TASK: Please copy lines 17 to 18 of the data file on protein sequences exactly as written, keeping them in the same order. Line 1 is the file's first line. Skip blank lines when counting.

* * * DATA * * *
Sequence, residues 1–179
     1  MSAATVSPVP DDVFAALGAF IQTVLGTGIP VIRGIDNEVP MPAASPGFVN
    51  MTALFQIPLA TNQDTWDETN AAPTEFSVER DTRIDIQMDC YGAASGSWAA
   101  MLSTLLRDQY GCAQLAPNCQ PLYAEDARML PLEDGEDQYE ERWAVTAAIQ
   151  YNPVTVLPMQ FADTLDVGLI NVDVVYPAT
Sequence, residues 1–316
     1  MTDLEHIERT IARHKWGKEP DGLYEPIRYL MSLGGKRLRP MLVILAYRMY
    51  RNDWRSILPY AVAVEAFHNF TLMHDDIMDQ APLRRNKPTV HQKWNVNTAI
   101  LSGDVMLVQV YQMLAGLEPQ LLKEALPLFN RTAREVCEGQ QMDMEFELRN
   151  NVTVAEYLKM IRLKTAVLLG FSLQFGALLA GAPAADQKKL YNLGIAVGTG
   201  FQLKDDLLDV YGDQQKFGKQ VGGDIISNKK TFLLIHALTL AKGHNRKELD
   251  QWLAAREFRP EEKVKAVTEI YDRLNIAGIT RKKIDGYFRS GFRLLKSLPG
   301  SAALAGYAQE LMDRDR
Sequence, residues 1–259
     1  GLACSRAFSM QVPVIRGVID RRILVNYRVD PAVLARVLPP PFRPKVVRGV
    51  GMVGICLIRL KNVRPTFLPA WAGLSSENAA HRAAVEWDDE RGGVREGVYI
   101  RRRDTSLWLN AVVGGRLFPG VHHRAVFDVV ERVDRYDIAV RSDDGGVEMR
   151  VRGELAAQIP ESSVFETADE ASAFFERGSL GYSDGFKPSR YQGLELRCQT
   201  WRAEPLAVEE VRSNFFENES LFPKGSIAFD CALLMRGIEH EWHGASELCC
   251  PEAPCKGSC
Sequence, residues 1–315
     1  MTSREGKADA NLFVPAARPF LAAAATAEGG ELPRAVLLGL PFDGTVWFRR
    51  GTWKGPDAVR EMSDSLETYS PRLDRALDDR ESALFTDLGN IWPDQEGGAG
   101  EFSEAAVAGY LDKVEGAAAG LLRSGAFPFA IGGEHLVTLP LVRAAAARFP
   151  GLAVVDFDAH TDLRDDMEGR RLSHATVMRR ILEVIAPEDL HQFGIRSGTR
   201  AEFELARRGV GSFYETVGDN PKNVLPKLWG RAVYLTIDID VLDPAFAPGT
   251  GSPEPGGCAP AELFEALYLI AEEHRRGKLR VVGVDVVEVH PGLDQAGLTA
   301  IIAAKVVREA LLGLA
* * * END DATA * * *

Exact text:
   101  RRRDTSLWLN AVVGGRLFPG VHHRAVFDVV ERVDRYDIAV RSDDGGVEMR
   151  VRGELAAQIP ESSVFETADE ASAFFERGSL GYSDGFKPSR YQGLELRCQT